David J. Bloom (David J. Bloom)

David J. Bloom

David Bloom was born in Edina, Minnesota, and was an avid ice hockey player and state champion in high school debating in the National Forensic League. Bloom attended Pitzer College in Claremont, California, from 1981 to 1985 where he was a national debate champion. He majored in political science.  Bloom was survived by his wife, Melanie, and three daughters: Nicole, Christine, and Ava. The Blooms were residents of Pound Ridge, New York, at the time of his death. After his death, Melanie started working with the Coalition to Prevent DVT.  He began his television career at WKBT-TV in La Crosse, Wisconsin, covering local government stories. Bloom worked as a general assignment reporter at KWCH-TV in Wichita, Kansas, from 1988–1989.  In 1991, Bloom joined WTVJ in Miami. He covered Hurricane Andrew and while reporting the aftermath he chased off would-be looters. In 1991, he won a regional Emmy for investigative journalism for his report on South Florida’s role in the shipment of arms to Iraq. He won both the Peabody Award and the RTNDA Edward R. Murrow Award for his hurricane coverage.  In 1993, Bloom joined NBC News as correspondent in Chicago, Illinois, and moved to Los Angeles, California in 1995. Bloom later became NBC’s White House correspondent. In 1999, Bloom was named co-anchor of Weekend Today along with Soledad O’Brien, a position he served until his death.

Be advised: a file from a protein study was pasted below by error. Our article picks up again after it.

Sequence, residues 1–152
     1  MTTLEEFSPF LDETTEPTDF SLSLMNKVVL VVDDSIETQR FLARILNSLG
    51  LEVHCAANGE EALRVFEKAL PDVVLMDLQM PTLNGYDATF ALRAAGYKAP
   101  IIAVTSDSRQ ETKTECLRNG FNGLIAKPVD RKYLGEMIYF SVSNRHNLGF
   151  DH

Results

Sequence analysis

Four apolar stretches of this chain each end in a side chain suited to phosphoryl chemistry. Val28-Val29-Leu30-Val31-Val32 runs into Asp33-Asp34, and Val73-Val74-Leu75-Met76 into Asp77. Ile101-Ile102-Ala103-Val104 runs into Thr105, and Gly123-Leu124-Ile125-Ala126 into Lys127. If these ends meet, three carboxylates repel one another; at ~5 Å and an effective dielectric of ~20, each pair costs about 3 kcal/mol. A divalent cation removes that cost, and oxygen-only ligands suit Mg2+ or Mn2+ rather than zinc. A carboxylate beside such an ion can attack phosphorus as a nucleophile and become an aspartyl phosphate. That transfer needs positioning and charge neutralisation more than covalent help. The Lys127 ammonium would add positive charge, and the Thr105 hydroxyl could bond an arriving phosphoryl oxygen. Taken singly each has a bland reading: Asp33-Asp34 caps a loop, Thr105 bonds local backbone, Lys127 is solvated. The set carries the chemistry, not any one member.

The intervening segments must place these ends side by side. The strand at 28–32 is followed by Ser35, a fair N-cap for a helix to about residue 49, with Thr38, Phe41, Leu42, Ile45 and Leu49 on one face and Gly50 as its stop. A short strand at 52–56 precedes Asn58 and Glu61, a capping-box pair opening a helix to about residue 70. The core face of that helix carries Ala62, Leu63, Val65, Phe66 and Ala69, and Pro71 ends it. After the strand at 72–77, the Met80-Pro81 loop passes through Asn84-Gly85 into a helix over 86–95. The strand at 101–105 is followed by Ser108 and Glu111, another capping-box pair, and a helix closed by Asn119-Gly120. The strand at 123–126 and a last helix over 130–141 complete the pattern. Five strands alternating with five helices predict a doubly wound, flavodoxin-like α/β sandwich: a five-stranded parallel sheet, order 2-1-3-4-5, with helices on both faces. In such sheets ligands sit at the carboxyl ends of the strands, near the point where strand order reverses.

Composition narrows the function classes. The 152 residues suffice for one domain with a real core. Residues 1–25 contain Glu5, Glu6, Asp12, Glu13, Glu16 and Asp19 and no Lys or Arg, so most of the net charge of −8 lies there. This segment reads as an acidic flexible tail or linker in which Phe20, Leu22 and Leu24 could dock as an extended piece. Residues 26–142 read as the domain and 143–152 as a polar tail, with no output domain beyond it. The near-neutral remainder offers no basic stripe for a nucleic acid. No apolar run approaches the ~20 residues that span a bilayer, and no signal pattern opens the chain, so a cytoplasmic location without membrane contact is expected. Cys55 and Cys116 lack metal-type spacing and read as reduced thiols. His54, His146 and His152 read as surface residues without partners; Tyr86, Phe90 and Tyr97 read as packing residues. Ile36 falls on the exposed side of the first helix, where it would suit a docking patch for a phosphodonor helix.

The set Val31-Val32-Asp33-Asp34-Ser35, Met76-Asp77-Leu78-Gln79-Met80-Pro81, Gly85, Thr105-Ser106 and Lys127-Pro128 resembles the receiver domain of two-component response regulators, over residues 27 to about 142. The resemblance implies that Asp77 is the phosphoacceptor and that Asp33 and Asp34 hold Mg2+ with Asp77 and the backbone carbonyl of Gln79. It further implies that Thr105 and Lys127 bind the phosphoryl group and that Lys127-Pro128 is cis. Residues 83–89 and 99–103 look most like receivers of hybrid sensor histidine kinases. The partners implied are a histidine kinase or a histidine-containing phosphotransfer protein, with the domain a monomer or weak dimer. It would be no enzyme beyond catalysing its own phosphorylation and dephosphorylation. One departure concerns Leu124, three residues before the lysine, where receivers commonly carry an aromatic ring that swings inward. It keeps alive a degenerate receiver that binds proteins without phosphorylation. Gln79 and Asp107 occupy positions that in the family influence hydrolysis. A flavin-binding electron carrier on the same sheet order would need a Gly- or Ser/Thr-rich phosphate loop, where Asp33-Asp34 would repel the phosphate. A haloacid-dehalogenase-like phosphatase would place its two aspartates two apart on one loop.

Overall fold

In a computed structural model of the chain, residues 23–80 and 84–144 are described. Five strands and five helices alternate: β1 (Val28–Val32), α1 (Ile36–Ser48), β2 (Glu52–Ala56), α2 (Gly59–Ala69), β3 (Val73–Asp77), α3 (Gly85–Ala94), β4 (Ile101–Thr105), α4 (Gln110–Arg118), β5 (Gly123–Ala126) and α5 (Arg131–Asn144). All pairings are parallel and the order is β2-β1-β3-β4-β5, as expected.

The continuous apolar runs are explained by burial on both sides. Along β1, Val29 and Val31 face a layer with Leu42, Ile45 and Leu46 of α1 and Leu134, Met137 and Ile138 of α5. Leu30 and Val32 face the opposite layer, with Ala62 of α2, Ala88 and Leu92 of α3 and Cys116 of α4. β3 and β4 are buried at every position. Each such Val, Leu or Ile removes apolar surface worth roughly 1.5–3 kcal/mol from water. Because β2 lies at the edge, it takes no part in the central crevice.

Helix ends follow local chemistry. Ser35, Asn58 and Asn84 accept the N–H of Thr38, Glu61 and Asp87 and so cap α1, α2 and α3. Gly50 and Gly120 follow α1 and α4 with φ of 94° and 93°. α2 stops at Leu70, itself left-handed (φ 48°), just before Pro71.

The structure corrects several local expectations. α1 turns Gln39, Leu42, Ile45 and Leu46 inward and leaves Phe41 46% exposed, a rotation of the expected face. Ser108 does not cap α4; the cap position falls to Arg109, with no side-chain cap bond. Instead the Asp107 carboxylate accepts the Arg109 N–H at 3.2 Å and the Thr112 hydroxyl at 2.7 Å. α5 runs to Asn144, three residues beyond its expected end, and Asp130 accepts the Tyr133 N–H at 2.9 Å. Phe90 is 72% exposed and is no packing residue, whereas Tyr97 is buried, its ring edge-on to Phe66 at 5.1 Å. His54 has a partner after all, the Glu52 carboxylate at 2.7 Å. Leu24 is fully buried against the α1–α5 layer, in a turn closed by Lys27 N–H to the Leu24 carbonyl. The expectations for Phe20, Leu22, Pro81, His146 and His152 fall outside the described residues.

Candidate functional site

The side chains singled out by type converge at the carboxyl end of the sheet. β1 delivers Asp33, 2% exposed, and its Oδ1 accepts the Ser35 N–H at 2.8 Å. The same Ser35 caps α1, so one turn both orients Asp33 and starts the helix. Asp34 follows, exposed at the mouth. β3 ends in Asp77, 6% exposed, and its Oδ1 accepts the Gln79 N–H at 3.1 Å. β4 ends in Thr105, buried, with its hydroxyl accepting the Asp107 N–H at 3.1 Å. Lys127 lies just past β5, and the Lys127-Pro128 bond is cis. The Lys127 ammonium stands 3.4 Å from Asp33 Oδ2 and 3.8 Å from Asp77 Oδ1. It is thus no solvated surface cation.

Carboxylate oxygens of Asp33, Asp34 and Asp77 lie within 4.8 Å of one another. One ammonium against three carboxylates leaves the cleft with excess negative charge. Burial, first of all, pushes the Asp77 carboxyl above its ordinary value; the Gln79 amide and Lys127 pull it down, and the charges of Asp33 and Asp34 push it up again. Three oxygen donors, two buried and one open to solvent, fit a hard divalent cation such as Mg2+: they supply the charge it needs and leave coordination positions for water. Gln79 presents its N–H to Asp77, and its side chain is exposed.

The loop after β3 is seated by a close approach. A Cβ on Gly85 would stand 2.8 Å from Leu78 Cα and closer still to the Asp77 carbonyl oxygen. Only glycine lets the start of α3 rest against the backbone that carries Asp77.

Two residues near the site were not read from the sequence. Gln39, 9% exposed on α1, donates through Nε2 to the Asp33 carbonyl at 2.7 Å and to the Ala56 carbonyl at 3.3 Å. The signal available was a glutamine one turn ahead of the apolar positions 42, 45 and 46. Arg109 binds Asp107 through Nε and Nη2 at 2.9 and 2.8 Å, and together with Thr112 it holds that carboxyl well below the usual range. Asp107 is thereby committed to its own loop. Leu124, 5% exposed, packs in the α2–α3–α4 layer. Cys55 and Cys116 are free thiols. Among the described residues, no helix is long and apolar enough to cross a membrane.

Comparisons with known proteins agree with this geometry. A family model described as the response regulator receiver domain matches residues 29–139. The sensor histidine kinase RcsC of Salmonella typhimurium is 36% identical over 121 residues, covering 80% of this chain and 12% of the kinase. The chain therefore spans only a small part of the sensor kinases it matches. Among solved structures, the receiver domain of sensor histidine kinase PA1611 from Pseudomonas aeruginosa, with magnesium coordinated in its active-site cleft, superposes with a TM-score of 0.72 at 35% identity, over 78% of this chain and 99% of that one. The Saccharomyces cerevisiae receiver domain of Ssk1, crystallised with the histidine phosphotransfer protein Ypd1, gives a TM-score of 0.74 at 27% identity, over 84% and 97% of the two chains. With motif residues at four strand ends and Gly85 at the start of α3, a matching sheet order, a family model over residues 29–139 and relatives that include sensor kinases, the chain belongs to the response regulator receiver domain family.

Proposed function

Bloom’s name was pegged to a vehicle he used in Iraq, the “Bloom Mobile.” It was a Ford F250 4 wheel drive Flatbed truck with a SeaTel stabilized marine dish retrofitted by Miramar, Florida-based company Maritime Telecommunications Network, with live television and satellite transmission equipment so he could continuously broadcast reports as troops made their way toward Baghdad.  Bloom was traveling with the U.S. Third Infantry Division in Iraq when he suddenly died due to pulmonary embolism after a deep vein thrombosis.

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  • May, 22, 1963
  • USA
  • Edina, Minnesota


  • April, 06, 2003
  • Iraq

Cause of Death

  • pulmonary embolism after a deep vein thrombosis

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